Perhaps it's too early to be talking about Oscars but, at this point, Kathryn Bigelow's The Hurt Locker absolutely belongs in the mix. There's more tension in this gripping tale than in the waistband of Oprah's skinny jeans -- which is pretty freakin' tense.
A bomb-squad thriller about an adrenaline junkie who gets his kicks disarming improvised explosive devices (known in the jargon as IEDs), The Hurt Locker brings it right to the viewer without pandering to him. It's an intense tale of men facing death at any moment, relying on their wits, their will and their skill to get them out alive.
Much already has been made of the fact that this is an expertly made film whose commercial fate is fraught with as much suspense as its action sequences, which will have you chewing your fingernails frantically. It seems cruel to suggest that it might face the same sorry commercial fate as such deserving films as In the Valley of Elah, A Mighty Heart and Lions for Lambs, simply because it too is set in the midst of the Iraq war.
Directed by Bigelow from a script by Mark Boal, the film stars Jeremy Renner as Sgt. Will James, who is brought in to head up the EOD unit after its commander is blown up in a street bombing. The other members of the squad, Sanborn (Anthony Mackie) and Eldridge (Brian Geraghty), have a little more than a month left in-country and their first impression of their new commander is an alarming one.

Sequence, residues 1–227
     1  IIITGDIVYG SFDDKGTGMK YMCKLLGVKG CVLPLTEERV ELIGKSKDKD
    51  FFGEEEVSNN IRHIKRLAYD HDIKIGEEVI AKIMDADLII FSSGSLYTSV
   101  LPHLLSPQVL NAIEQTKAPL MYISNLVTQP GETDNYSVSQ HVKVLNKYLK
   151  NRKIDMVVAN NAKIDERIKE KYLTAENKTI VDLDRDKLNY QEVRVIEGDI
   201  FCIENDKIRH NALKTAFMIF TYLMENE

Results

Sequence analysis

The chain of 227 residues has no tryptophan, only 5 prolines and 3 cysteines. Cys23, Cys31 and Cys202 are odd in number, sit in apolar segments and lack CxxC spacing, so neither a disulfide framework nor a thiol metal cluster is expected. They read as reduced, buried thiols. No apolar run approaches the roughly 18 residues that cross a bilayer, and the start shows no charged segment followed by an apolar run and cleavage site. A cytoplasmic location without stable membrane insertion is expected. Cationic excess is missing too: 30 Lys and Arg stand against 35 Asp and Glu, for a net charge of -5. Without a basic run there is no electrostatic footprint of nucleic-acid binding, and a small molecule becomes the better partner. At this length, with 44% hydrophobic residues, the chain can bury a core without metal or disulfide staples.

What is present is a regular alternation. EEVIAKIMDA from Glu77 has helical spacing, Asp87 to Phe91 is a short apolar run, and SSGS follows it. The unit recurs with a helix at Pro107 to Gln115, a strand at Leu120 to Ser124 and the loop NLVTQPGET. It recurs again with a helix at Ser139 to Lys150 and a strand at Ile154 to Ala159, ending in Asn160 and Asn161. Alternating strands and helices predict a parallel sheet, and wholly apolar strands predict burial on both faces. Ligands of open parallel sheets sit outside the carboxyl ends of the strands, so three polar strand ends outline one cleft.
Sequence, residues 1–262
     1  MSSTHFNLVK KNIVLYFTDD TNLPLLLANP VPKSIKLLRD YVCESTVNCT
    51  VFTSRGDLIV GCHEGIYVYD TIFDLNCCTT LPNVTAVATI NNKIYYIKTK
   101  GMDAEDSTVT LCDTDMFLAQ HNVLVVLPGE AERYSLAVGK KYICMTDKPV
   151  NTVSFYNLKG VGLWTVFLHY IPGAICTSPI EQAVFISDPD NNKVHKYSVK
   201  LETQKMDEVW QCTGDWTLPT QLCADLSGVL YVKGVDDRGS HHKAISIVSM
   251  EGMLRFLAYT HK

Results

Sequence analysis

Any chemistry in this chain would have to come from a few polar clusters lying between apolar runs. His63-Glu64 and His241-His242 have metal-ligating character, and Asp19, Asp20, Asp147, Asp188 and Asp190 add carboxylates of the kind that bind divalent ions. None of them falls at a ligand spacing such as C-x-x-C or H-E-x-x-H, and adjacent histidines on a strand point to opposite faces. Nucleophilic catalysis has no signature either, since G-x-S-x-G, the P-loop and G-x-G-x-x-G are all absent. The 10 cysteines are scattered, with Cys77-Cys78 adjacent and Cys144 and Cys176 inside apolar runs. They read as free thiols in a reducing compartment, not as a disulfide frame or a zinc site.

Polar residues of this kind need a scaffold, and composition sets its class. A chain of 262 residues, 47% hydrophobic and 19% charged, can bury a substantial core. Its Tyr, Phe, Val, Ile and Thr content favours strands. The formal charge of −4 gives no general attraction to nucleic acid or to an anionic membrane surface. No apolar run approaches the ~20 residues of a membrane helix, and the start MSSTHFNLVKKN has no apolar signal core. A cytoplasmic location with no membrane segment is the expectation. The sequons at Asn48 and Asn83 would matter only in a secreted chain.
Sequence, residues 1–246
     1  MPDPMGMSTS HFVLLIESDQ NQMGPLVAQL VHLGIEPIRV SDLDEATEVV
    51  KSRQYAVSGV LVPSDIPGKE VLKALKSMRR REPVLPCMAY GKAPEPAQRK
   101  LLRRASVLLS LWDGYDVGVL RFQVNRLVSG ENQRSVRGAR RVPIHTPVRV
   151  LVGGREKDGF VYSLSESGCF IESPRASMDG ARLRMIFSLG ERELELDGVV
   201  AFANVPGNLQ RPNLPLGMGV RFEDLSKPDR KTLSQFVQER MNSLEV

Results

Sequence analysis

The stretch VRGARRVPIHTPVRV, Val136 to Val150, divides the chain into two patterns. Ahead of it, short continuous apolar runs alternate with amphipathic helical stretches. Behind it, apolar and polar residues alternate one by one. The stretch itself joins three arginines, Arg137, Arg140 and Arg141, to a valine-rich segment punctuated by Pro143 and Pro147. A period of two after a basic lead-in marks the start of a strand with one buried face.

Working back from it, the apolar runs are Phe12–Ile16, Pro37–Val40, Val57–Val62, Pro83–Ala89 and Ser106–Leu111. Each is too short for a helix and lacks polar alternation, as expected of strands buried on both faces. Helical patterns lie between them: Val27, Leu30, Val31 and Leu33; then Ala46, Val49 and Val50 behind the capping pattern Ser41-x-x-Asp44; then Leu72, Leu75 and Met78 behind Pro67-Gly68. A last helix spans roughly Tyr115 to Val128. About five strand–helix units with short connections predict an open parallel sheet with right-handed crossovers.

They've been trained to follow a step-by-step protocol that maximizes their safety, beginning with a rolling robot-cam to give them a close-up of the explosive from a safe distance. So they watch in horror as James jumps in feet-first as it were.
Rather than donning the bomb-protection suit as a last resort after first assessing all options, he skips the robot-cam altogether, slips into the padded suit and strides off to find the bomb himself. He grabs and snips wires, handles blasting caps -- in other words, he goes total gonzo cowboy, all but juggling the bombs as he tracks wires and disarms an octopus-like series of explosives.
As he says to Sanborn and Eldridge afterwards, what fun is the job if you play it safe? How do you know you're alive unless you confront death and walk away still breathing?
The credo of the extreme-action type: James makes it clear that he lives for those moments when it can all go either way without warning. But his squad mates just want to go home -- alive, not in a box.
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